Labor Day: It’s All About The Workers Redux ’22

It’s Time to Break It Down!

This post appeared originally in this space on August 31, 2011. It was re-purposed and presented again September 3, 2014, September 7, 2016, September 6, 2017, September 5, 2018, September 4, 2019, September 9, 2020, and once again today, September 7, 2022).

As you know, Monday was Labor Day. As with most holidays, I knock it down a few notches so readers can enjoy their time off, and ease into a vintage post, if they so choose. At its core, according to the U.S. Department of LaborLabor Day in the United States was designed to commemorate the creation of the labor movement; dedicated to the social and economic achievements of American workers.  The holiday focuses on contributions workers have made to the strength, prosperity, and well-being of our country.

First observed in September 1882, the event has always been observed on the first Monday of the month of September.  Initiated by the Central Labor Union of New York, the celebration became a federal holiday in 1894.

In addition to its formal structure and purpose, Labor Day has several symbolic associations.  It is considered: 

The unofficial End of Summer

The last 3-Day warm weather weekend for vacationers

By High Society standards, the last day for which it is appropriate for women to wear white

The beginning of the College Football Season 

The start of the NFL Season 

The conventional kick-off of the hard-core political campaign season

Backto-School shopping

Labor Day also validates and recognizes an often-controversial mechanism that frequently divides American opinion: labor unions.  

Scorned by many who fancy themselves as Free Enterprise Capitalists, unions and their members have not only been actively involved historically, in debates that framed public policy for American workers, they have won or forced hard-earned concessions that in the shimmering glow of reflective perspective, must be considered to have fundamentally altered the playing field (known as the workplace), including:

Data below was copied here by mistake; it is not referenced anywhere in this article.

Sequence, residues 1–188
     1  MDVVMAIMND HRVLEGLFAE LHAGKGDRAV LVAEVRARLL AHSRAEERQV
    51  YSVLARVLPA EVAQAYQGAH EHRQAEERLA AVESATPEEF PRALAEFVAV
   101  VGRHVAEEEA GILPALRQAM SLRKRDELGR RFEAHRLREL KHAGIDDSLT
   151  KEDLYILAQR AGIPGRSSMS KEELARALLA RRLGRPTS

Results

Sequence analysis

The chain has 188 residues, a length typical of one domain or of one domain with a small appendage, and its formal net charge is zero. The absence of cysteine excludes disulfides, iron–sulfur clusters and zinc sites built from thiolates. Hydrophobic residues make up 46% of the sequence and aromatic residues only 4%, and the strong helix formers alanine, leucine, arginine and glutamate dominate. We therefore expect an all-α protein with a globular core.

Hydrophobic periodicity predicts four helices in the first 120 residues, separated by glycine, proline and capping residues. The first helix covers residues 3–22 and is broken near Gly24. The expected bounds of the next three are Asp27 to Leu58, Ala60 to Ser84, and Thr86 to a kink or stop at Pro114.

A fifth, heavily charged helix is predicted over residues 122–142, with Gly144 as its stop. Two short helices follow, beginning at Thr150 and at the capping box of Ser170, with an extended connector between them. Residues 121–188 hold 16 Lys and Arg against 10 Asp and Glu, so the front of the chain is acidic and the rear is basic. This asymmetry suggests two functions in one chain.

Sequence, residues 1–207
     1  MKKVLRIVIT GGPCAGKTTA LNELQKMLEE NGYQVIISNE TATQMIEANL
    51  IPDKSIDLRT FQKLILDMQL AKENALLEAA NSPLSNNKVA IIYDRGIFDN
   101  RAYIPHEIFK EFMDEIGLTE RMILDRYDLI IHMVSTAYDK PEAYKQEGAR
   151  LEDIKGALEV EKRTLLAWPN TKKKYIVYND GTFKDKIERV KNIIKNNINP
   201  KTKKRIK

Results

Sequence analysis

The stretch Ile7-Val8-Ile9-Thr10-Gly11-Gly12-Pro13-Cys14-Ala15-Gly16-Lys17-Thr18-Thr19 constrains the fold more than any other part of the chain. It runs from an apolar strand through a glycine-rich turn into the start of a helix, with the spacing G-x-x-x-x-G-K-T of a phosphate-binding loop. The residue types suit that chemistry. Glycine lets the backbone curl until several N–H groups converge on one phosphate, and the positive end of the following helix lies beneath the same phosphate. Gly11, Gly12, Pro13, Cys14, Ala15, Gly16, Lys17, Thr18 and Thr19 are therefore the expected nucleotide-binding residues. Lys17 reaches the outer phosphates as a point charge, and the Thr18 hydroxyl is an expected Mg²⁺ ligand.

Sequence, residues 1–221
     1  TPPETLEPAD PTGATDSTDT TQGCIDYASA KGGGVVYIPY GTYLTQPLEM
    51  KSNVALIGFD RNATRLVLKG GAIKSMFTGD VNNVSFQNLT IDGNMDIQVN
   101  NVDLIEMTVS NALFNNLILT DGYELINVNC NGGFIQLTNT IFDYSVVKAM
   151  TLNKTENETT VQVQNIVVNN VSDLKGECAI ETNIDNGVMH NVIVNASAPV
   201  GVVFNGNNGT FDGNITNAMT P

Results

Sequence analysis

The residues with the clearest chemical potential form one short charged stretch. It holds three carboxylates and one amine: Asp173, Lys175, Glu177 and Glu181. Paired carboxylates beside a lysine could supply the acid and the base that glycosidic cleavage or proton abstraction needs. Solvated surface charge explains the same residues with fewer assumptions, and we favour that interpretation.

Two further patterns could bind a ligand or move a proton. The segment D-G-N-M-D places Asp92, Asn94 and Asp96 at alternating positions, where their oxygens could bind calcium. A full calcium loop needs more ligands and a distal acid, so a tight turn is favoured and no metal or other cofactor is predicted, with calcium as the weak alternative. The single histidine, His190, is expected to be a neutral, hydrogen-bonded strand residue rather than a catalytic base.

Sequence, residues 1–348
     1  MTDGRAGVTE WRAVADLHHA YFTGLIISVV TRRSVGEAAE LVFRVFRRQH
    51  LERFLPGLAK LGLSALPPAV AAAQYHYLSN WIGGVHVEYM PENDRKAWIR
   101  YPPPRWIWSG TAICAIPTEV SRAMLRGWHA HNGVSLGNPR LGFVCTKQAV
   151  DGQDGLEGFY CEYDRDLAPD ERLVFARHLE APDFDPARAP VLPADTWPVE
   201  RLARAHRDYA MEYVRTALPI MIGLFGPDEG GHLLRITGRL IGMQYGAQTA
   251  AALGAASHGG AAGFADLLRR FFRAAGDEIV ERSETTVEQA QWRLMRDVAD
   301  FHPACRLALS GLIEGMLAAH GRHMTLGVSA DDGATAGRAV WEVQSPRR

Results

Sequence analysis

Pensions

Health Care Benefits

Paid Vacations

Equal Pay to women

The Development of Child Labor Laws

The 5-Day Work Week

The 40-Hour Work Week

The8-Hour Workday

Worker’s Compensation benefits

Female Flight Attendants permitted to marry

These and many other important cherished and beneficial employee rights are attributable to the efforts of the American Labor Movement.  However, this post is not an ode to Labor Unions. For all their well-deserved accolades, unions also have downside effects.  They can create or contribute to:

The potential for strikes

Additional costs to all employees (membership dues; whether a member or not)

Loss of individuality (ability to represent oneself in a grievance)

Subject to fines & discipline by the Union

Disincentives to productivity and competition

Lack of promotions

Burdensome salary demands (relative to the market)

Loss of profits (and/or pay) due to strike

Inefficient & ineffective contracts

Increased unemployment due to failure to reach agreement w/management

The first Labor Day celebration was led by a Labor Union.  The history of the Day has been linked, inextricably, with Labor organizations, ever since.  But it is the American Worker the Day was intended to commemorate.

Meanwhile, contemplate, “Labor Day: It’s All About The Workers Redux ’22!” While we’ve got plenty of issues to temper our enthusiasm, we should still celebrate America’s Labor Movement, and the phenomenal workers it represents. 

I’m done; holla back!

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